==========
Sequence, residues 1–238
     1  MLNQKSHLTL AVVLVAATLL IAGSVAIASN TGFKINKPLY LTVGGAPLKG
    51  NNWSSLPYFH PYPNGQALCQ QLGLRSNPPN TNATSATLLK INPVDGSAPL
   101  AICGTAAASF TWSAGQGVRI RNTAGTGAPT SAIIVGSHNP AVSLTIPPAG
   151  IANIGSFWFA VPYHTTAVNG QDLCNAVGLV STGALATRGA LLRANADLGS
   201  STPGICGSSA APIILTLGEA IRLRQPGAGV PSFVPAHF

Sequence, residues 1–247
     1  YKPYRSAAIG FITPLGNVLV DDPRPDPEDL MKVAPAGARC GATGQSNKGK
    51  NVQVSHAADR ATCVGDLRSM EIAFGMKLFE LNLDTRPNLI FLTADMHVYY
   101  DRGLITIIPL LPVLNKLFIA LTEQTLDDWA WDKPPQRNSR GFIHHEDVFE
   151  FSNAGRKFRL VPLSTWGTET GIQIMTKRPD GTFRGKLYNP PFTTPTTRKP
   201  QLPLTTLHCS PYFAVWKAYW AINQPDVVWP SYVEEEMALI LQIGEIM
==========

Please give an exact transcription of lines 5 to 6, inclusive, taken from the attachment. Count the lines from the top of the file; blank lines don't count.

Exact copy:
   151  IANIGSFWFA VPYHTTAVNG QDLCNAVGLV STGALATRGA LLRANADLGS
   201  STPGICGSSA APIILTLGEA IRLRQPGAGV PSFVPAHF